Could the One God Become a Man?

Modalism and all its variations face a significant problem in the incarnation of the Lord Jesus Christ. These theologies teach that the Son of God is the same individual being as the Father; they are together the one God, the same sole Supreme Being. The Son, in these views, is just as much the one God as the Father is. But if that is so- if the Lord Jesus Christ is Himself a person, mode, subsistence, or part of the Supreme Being in some way, can He also be a man?

The answer we are forced to by scripture is a resounding ‘no’. Consider the following:

1) The one God declares that He is not a man: “God is not a man, that He should lie, Nor a son of man, that He should repent;” (Numbers 23:19 NASB); He also declares that He never changes: “For I, the Lord, do not change” (Malachi 3:6 NASB); thus is follows, that if it was once true of Him that He was not a man, then it is true of Him always, eternally and unchangingly, that He is never a man. For if He went from not being a man to being a man, this would, undeniably, be a change; and so it follows that in order for Him to have become man, He will either need to be mutable, or else, if God is immutable, He will either need to have always been a man. And if He is immutable, and has not always been man, then if follows necessarily that He is never a man. We know that He is immutable; and we know there was a time when He was not a man; and so, He cannot have always been a man. And so the remaining option must be true, that the one God never is and never will be a man. And so, the one Who became incarnate in Jesus of Nazareth, cannot possibly have been the one God.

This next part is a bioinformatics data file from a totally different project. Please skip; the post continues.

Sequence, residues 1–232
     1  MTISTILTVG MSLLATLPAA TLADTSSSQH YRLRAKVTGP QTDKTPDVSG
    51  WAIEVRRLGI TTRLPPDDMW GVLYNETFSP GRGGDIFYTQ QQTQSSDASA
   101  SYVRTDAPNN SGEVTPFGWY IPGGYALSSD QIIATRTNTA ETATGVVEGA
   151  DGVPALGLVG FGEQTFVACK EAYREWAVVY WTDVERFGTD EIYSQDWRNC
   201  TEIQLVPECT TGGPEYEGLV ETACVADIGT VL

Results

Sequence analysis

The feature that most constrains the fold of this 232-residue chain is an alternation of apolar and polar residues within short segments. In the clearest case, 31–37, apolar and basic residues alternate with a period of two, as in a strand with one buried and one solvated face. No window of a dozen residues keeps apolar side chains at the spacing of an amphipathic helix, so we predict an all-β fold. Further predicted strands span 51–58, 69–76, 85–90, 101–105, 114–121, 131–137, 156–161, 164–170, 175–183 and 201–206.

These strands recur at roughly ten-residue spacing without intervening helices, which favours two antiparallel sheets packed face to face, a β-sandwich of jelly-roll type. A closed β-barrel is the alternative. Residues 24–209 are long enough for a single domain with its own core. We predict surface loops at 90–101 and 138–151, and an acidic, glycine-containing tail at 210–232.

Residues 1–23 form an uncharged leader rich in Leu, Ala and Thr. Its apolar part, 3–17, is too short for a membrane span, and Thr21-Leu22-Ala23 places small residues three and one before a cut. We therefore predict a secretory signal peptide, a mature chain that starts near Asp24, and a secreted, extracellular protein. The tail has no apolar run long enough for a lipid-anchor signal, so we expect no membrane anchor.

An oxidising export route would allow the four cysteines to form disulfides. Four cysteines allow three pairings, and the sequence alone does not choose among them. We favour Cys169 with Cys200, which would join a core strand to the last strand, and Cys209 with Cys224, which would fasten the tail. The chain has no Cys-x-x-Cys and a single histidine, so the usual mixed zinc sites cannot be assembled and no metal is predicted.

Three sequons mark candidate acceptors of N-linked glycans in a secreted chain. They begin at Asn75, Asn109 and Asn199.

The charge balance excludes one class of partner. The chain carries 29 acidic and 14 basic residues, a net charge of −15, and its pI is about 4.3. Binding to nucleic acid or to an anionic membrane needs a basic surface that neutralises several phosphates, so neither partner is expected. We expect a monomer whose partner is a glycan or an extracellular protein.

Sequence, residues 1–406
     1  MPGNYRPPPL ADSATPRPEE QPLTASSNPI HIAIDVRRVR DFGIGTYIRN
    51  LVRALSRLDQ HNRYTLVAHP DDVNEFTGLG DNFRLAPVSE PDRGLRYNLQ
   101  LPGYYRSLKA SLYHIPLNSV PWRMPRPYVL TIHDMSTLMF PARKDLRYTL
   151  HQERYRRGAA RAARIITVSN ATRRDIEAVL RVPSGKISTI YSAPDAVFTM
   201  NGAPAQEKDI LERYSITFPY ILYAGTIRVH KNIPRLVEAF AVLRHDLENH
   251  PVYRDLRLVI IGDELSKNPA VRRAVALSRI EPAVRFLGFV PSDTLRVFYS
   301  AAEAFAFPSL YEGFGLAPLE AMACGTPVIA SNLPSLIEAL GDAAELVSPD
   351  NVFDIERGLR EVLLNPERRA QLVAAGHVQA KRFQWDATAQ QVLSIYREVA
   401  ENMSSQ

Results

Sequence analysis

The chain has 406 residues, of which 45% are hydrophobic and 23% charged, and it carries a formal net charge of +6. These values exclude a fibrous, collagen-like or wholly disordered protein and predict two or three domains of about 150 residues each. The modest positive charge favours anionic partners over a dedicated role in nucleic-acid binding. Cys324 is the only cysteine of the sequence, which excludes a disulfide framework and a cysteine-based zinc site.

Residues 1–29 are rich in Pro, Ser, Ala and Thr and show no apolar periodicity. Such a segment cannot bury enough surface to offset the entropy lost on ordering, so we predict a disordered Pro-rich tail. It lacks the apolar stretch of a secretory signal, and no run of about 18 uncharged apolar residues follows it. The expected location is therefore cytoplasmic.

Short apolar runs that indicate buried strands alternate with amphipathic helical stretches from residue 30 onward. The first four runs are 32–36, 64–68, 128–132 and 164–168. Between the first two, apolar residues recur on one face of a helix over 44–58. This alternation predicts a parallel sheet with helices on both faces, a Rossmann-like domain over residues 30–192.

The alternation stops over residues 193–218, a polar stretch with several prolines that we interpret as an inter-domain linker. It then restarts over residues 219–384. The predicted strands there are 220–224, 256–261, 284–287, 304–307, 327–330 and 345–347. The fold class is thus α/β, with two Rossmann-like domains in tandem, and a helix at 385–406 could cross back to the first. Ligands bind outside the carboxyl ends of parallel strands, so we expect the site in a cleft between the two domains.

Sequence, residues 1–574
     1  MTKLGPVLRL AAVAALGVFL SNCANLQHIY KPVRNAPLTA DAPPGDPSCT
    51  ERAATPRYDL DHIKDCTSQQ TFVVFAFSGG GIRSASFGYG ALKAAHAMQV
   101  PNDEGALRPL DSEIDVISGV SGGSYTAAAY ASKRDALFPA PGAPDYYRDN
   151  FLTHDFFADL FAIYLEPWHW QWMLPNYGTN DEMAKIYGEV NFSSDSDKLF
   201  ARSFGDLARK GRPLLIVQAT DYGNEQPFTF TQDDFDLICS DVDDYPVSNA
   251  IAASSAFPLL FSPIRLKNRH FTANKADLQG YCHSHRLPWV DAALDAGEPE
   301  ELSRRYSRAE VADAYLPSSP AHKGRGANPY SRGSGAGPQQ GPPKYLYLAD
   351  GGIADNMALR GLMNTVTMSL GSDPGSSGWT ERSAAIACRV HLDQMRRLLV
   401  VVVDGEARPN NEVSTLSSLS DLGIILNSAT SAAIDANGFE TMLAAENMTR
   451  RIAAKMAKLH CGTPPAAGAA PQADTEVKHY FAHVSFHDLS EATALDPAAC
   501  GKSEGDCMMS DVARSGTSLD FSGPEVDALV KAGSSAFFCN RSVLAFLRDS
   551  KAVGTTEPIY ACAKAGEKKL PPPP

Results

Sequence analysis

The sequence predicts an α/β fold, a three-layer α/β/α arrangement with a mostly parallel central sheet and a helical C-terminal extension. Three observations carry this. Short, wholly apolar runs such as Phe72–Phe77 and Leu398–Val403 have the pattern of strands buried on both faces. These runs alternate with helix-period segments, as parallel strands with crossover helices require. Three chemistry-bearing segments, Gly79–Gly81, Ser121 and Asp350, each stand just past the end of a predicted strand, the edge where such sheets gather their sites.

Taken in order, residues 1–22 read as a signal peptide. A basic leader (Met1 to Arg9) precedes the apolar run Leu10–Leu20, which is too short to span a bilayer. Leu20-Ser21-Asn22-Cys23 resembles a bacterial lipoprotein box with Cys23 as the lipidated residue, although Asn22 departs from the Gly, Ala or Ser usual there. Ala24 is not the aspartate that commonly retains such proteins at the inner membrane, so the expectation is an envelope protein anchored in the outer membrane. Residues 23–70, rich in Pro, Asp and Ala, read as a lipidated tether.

2) The one God is invisible; no one has ever seen Him, and no one can see Him: “No one has seen God at any time” (1 John 4:12 NASB), “who alone possesses immortality and dwells in unapproachable light, whom no man has seen or can see.” (1 Timothy 6:16 NASB); yet, the Lord Jesus Christ, as a man, was undoubtedly seen: “What was from the beginning, what we have heard, what we have seen with our eyes” (1 John 1:1 NASB). And so, were the Supreme Being incarnate, the Supreme Being would very much have been seen, a thing which scripture repeatedly declares has never, and indeed, cannot, occur. And if it is objected to that only a human part of the Lord Jesus was seen, this will not help; for we will ask, was this human part united to the one incarnated so as to be part of His own person, or not? If not, then the being in question was never incarnated at all; if yes, then it follows that the one incarnated was seen in His own person, since the humanity was part of His own person. And so, if the one incarnated was the Supreme Being, then the Supreme Being was, in His own person, seen by men; a thing which scripture repeatedly denies has ever occurred.

3) The one God is immortal: “who alone possesses immortality and dwells in unapproachable light” (1 Timothy 6:16 NASB); to be man involves being mortal, and certainly, as the Lord Jesus Christ died for our sins, His mortality was proved beyond doubt. He cannot then be the Supreme Being, for this would be to assert that He that is incapable of ever dying, died. And while some modalists rejoice in such contradictions, and declare them heavenly mysteries, they ought not; for a contradiction which arises from incoherent interpretations, theories, and inferences, is not so much a mystery as a plain contradiction, and, as it stems not from divine revelation but human reasoning, it cannot be called heavenly, but is earthly and human. For the scriptures never once assert that the immortal Supreme Being, the only true God, was incarnate in the Lord Jesus, or that the one God died. Rather they declare that the one God is another besides the Lord Jesus, the Father of the Lord, and that He is wholly incapable of dying. And so it was not the one God, the Supreme Being, Who died on the cross as a man, but another, namely, His Son.

It follows clearly from these considerations that the one God is not, and never has been, in part or whole, a man; and therefore, that the one incarnated in Jesus of Nazareth is not the one God, the Supreme Being, but another, the Son of that one God.

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